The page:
The Crown may dispose of RFR land—

(a)

that was held on the settlement date for education purposes to a person who, immediately before the disposal, is a tenant of the land or all or part of a building on the land; or

(b)

under section 67 of the Land Act 1948, if the disposal is to a lessee under a lease of the land granted—

(i)

before the settlement date; or

(ii)

on or after the settlement date under a right of renewal in a lease granted before the settlement date; or

(c)

under section 93(4) of the Land Act 1948.

RFR landowner obligations

115 RFR landowner’s obligations subject to other matters

(1)

An RFR landowner’s obligations under this subpart in relation to RFR land are subject to—

(a)

any other enactment or rule of law except that, in the case of a Crown body, the obligations apply despite the purpose, functions, or objectives of the Crown body; and

(b)

any interest or legal or equitable obligation—

(i)

that prevents or limits an RFR landowner’s disposal of RFR land to the trustees of an offer trust; and

(ii)

that the RFR landowner cannot satisfy by taking reasonable steps; and

(c)

the terms of a mortgage over, or security interest in, RFR land.

(2)

Reasonable steps, for the purposes of subsection (1)(b)(ii), do not include steps to promote the passing of an enactment.

Notices about RFR land

116 Notice to LINZ of RFR land with computer register after settlement date

(1)

If a computer register is first created for RFR land after the settlement date, the RFR landowner must give the chief executive of LINZ notice that the register has been created.

(2)

If land for which there is a computer register becomes RFR land after the settlement date, the RFR landowner must give the chief executive of LINZ notice that the land has become RFR land.

(3)

The notice must be given as soon as is reasonably practicable after a computer register is first created for the RFR land or after the land becomes RFR land.

(4)

The notice must include the legal description of the land and the reference for the computer register.

117 Notice to trustees of offer trusts of disposal of RFR land to others

(1)

An RFR landowner must give the trustees of the one or both offer trusts, as the case requires, notice of the disposal of RFR land by the landowner to a person other than the trustees of an offer trust or their nominee.

(2)

The notice must be given on or before the date that is 20 working days before the day of the disposal.

(3)

The notice must include—

(a)

the legal description of the land, including any interests affecting it; and

(b)

the reference for any computer register for the land; and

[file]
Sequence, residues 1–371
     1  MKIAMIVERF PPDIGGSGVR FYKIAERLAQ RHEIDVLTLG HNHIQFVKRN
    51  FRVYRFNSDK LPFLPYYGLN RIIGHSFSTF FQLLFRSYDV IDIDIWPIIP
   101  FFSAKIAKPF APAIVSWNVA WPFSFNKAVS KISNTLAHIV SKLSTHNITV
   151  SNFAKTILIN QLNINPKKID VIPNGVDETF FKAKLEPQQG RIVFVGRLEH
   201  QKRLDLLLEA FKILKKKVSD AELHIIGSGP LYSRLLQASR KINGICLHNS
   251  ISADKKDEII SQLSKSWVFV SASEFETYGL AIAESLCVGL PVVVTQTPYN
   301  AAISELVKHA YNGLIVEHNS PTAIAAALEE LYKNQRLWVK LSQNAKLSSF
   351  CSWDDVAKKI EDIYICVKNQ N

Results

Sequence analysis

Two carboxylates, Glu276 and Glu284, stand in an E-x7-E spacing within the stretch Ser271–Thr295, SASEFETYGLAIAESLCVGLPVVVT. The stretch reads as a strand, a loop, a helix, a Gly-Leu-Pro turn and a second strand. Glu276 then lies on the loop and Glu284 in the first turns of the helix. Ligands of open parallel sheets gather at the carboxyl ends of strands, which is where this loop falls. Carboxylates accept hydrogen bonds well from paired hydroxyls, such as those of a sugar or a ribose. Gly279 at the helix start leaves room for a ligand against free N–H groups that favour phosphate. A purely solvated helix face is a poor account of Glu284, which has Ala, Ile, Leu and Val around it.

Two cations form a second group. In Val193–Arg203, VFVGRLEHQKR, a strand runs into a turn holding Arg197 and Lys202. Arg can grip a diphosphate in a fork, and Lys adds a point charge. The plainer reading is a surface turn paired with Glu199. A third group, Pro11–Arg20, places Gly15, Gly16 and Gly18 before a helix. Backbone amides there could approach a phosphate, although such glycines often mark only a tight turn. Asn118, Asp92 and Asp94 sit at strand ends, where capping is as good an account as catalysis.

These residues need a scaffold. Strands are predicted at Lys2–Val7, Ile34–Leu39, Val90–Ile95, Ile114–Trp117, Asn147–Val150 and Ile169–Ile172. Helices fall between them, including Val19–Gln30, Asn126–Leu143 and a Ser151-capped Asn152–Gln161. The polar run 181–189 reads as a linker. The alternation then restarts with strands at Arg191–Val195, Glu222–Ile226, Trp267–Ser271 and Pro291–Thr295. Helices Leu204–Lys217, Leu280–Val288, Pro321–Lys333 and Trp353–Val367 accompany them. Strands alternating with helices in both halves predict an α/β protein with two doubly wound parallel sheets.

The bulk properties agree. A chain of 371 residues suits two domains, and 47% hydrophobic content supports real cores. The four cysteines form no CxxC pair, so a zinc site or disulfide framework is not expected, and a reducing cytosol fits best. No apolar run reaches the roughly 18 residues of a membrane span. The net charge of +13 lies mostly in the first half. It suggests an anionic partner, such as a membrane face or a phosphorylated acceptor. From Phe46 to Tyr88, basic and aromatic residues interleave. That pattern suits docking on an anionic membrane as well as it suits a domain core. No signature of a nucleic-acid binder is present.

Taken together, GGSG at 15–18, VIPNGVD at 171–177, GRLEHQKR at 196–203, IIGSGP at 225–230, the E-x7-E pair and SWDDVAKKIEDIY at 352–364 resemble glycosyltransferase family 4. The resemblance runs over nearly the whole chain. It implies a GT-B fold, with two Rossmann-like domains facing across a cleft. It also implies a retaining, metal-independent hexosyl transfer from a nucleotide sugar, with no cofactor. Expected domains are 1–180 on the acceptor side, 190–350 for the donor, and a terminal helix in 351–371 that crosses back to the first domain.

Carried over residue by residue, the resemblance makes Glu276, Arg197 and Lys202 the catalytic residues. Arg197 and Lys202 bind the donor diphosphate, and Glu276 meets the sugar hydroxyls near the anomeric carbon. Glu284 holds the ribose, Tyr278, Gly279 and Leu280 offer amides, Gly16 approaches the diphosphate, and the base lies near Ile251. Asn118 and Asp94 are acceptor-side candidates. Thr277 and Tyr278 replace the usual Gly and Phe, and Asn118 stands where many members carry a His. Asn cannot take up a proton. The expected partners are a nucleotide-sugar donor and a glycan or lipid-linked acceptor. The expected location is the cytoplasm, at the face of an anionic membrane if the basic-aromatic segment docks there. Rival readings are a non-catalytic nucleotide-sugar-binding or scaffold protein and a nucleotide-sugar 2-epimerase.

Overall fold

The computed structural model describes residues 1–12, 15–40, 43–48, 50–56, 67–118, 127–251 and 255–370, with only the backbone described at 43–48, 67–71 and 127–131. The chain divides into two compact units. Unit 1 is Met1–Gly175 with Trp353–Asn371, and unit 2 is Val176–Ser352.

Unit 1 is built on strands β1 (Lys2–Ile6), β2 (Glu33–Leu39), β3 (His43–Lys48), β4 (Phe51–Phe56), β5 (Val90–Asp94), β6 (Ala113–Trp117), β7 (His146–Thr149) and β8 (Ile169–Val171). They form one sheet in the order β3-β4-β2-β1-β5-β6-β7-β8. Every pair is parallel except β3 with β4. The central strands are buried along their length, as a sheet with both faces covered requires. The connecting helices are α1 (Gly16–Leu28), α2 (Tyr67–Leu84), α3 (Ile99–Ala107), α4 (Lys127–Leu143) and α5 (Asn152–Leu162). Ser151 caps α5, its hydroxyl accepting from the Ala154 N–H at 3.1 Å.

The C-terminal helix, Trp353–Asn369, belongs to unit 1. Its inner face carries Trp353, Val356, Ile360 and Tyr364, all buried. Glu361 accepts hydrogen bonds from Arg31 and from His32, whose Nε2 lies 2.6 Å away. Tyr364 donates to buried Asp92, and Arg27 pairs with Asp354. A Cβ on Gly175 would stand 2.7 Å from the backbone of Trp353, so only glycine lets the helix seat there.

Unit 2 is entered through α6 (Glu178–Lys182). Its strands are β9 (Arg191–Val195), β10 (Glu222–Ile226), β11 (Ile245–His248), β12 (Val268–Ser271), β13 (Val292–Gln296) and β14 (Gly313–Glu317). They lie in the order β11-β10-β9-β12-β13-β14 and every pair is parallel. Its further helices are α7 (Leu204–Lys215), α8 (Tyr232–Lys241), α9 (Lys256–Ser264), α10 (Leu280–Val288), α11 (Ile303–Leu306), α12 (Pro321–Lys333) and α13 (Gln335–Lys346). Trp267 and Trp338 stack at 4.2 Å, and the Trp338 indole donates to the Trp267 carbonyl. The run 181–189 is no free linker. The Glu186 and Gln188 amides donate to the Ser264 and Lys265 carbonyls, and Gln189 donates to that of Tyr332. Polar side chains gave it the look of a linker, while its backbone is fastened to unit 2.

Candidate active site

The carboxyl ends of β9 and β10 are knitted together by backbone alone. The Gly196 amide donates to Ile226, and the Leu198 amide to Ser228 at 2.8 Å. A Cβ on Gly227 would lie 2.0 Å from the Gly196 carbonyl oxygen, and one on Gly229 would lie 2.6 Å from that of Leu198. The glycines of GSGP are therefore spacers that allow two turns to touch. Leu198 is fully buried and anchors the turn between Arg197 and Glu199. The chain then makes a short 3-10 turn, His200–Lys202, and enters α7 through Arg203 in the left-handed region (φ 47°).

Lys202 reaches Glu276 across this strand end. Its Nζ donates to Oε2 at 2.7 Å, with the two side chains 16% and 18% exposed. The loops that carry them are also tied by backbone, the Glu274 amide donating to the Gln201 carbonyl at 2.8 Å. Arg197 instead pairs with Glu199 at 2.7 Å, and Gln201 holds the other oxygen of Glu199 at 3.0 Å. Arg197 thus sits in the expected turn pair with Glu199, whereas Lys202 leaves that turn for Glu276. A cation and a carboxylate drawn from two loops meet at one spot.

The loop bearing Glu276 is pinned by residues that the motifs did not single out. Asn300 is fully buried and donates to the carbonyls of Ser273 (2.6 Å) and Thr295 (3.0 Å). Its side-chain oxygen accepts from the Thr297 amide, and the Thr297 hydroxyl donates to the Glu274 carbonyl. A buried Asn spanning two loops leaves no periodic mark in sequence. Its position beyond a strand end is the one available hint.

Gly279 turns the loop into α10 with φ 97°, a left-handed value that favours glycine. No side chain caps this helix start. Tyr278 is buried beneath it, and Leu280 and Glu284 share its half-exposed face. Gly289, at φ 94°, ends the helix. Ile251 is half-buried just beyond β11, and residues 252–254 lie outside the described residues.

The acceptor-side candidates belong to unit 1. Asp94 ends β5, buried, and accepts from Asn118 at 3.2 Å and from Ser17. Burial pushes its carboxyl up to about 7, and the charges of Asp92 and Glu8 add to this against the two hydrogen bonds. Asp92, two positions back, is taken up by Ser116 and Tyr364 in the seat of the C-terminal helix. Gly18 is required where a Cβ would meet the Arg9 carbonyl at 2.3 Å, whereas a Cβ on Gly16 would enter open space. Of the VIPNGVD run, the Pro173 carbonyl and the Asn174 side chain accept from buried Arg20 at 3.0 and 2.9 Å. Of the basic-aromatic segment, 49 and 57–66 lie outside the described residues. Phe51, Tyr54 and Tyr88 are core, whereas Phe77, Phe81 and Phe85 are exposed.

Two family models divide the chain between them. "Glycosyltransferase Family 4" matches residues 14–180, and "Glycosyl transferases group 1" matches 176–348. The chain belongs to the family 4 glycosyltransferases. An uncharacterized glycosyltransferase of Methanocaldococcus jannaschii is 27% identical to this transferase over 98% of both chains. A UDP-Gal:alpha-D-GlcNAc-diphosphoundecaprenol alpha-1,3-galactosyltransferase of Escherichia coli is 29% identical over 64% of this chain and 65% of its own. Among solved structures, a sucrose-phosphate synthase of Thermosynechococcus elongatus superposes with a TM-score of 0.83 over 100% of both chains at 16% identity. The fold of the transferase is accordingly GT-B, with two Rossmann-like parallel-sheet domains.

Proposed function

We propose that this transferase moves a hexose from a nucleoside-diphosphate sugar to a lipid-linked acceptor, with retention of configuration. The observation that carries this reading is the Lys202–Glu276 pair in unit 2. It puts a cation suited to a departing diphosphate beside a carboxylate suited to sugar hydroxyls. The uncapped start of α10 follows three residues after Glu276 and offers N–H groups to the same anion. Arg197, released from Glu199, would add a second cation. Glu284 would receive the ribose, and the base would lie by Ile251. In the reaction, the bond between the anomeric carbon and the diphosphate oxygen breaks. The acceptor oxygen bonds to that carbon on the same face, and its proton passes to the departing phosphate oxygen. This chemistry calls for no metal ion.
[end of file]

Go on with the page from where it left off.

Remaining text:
(c)

the street address for the land (if applicable); and

(d)

the name of the person to whom the land is being disposed of; and

(e)

an explanation of how the disposal complies with section 99; and

(f)

if the disposal is to be made under section 99(d), a copy of any written contract for the disposal.

118 Notice to LINZ of land ceasing to be RFR land

(1)

This section applies if land contained in a computer register is to cease being RFR land because—

(a)

the fee simple estate in the land is to transfer from the RFR landowner to—

(i)

the trustees of a recipient trust or their nominee (for example, under section 90 in the case of a deferred selection property, or under a contract formed under section 104); or

(ii)

any other person (including the Crown or a Crown body) under section 99(d); or

(b)

the fee simple estate in the land is to transfer or vest from the RFR landowner to or in a person other than the Crown or a Crown body—

(i)

under any of sections 108 to 114; or

(ii)

under any matter referred to in section 115(1); or

(c)

the fee simple estate in the land is to transfer or vest from the RFR landowner in accordance with a waiver or variation given under section 124.

(2)

The RFR landowner must, as early as practicable before the transfer or vesting, give the chief executive of LINZ notice that the land is to cease being RFR land.

(3)

The notice must include—

(a)

the legal description of the land; and

(b)

the reference for the computer register for the land; and

(c)

the details of the transfer or vesting of the land.

119 Notice to be given if disposal of shared RFR land being considered

(1)

This section applies if an RFR landowner is considering whether to dispose of shared RFR land in a way that may require an offer under this subpart.

(2)